Are You Measuring Meaningful Metrics?

If your CEO is like most, they don’t want to get into the details of daily marketing operations, after all that’s what he/she hired you for. But when it comes time to discuss marketing budgets, your CEO needs to understand the value that marketing provides to the organization. For this reason it’s important that you are providing the right, meaningful metrics on a consistent basis.

An important component of our practice at Measured Results is helping organizations to get a grip on their marketing and drive positive, measurable return on their marketing investment.  The following is our guidance on making sure you’re providing the right information to your CEO.

Measuring the Trivial

meaningful metricsWhen the meaningful metrics don’t paint a pretty picture, there’s a natural tendency to focus on “partial victories.” For example, if total leads and projected revenue are down, but your social media accounts drove a fair amount of followers; it would be only natural to say, “Gee, look! Our Facebook likes are up and we have more Twitter followers. These metrics might look fantastic, but will they make a meaningful impact to the bottom line?

One of the cardinal rules of managing to metrics is that the primary emphasis should be placed on the Key Performance Indicators (KPIs) that are most meaning to your organization. While some of the KPIs vary by company and industry, there are a few that are generally important to all companies.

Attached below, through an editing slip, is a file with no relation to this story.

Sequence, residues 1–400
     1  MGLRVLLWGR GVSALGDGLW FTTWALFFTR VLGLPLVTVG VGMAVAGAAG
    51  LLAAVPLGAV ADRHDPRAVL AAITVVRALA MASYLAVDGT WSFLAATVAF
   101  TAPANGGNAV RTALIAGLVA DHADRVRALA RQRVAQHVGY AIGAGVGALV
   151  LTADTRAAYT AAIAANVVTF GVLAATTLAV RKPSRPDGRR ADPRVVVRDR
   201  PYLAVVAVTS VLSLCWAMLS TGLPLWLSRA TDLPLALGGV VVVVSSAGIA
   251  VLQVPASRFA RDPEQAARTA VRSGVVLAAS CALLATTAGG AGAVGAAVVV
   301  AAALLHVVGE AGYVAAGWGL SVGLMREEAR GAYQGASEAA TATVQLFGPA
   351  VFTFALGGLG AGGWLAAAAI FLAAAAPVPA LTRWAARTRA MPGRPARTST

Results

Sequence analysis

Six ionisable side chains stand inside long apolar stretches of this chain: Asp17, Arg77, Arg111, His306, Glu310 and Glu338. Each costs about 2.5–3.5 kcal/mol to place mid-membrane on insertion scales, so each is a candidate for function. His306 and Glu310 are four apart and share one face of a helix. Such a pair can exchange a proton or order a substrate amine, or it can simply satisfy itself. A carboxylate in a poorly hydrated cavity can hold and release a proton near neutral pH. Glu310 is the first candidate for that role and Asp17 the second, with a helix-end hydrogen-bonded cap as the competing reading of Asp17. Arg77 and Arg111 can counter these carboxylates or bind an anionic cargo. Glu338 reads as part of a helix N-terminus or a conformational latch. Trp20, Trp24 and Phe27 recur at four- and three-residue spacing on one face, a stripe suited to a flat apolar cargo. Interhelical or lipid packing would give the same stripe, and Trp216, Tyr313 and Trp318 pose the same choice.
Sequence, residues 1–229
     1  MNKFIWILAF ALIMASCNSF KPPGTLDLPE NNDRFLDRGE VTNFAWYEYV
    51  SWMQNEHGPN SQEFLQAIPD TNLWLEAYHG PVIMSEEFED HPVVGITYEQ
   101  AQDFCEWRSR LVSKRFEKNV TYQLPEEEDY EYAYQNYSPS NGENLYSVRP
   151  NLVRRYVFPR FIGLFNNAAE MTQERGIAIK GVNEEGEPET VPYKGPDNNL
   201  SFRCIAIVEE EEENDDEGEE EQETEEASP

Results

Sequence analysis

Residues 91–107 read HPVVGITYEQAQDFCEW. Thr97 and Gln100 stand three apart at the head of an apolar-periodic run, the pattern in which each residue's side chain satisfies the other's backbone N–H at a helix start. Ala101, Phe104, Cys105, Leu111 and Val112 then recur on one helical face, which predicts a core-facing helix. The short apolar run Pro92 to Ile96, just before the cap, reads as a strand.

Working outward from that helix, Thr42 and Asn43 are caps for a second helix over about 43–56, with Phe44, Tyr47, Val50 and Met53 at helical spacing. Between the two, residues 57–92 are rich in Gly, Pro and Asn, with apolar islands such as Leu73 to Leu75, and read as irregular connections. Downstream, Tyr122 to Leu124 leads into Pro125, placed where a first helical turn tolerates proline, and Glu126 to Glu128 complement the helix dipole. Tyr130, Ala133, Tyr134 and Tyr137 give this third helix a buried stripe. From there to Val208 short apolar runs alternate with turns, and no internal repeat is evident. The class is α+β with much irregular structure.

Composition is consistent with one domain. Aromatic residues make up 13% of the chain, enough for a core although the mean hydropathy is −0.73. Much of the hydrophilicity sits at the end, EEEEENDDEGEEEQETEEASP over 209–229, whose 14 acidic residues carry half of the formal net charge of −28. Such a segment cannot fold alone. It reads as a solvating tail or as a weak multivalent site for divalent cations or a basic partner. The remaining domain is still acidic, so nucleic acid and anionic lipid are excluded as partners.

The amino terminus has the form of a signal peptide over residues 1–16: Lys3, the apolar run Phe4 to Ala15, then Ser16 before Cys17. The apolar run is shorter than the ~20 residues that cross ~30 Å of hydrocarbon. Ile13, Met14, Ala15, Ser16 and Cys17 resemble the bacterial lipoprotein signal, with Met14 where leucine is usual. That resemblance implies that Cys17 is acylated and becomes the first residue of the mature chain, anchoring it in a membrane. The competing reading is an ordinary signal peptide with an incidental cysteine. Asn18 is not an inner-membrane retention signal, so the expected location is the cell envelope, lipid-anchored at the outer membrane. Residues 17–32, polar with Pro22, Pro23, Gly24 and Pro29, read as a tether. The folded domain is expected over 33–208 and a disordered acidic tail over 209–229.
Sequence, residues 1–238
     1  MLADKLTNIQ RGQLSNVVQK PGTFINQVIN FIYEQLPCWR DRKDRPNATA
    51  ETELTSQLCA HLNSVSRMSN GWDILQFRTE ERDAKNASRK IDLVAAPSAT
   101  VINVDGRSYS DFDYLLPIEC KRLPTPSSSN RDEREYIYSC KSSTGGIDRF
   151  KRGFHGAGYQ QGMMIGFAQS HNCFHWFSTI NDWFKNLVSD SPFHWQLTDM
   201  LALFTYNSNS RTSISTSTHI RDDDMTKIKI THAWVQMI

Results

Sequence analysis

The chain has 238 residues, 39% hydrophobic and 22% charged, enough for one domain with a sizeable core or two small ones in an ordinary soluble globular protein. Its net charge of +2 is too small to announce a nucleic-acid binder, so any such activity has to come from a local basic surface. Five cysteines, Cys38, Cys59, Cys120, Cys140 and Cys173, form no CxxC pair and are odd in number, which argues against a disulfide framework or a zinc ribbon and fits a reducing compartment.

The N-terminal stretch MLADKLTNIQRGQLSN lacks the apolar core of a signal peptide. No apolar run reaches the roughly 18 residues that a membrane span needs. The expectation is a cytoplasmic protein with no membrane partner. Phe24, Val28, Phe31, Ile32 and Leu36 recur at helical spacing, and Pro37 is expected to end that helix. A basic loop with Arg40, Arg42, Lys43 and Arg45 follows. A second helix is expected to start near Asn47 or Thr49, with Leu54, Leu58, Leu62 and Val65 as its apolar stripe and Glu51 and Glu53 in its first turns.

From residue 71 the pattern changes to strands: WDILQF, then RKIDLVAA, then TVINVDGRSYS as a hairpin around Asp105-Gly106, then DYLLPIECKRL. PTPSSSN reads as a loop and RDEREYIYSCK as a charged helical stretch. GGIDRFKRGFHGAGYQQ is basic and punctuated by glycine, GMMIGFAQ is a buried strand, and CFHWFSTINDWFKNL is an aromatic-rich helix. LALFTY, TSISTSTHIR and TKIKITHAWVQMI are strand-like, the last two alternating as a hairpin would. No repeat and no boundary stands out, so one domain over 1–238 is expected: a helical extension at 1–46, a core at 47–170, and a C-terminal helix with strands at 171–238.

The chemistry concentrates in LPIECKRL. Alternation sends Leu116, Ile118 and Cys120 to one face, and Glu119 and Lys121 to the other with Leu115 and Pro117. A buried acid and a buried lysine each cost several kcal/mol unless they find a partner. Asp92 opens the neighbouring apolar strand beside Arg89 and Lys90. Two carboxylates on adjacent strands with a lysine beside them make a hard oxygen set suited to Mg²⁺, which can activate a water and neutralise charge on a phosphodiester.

What Matters

The most meaningful metrics or KPIs to track can be organizationally dependent, but there are a few KPIs that span across most industries:

  • Return on Marketing Investment – Are your marketing efforts providing a return? You shouldn’t have to guess. By continually tracking your ROI, you should always know if your marketing is a help or hindrance to the bottom line.
  • Sales revenue by marketing campaign – it’s important to know where your leads are coming from. It’s even more important to know how that translates to revenue. Funding future campaigns is much simpler if you can show how past campaigns provided a positive payback.
  • Sales funnel value (from marketing) – it’s important to know the value of sales opportunities in your sales pipeline.  Typically, this is the value of each potential deal multiplied by the likelihood of closing (as a percentage).  The sales funnel value should be valued by lead source as well as in totality.
  • Cost per lead – What is the cost of each lead your organization is working? Some lead sources are more expensive than other. You should know your cost per lead, both by source as well as an average.
  • Closing rate – what percentage of your leads close? Are leads from one source more likely to close than others? Consistency is Critical

It’s very important that KPIs are tracked consistently over time. If there are short-term issues in a particular area of the business, other metrics can be tracked as well, but this shouldn’t be done at the expense of tracking the metrics that really matter.

One thing to note, nearly all of the KPIs require the input, involvement and feedback of sales. Closed loop sales reporting. Too often, we see that when these (and other) KPIs aren’t tracked it’s often due to a lack of feedback from sales regarding the disposition of leads sourced from marketing.  Tracking leads, by campaign and source, is critical to understanding how your marketing is performing.
If you’re not sure which marketing metrics you should be reporting, or you’re struggling to get the information your systems lack the integration you to need to gain full, closed loop reporting, we should talk.

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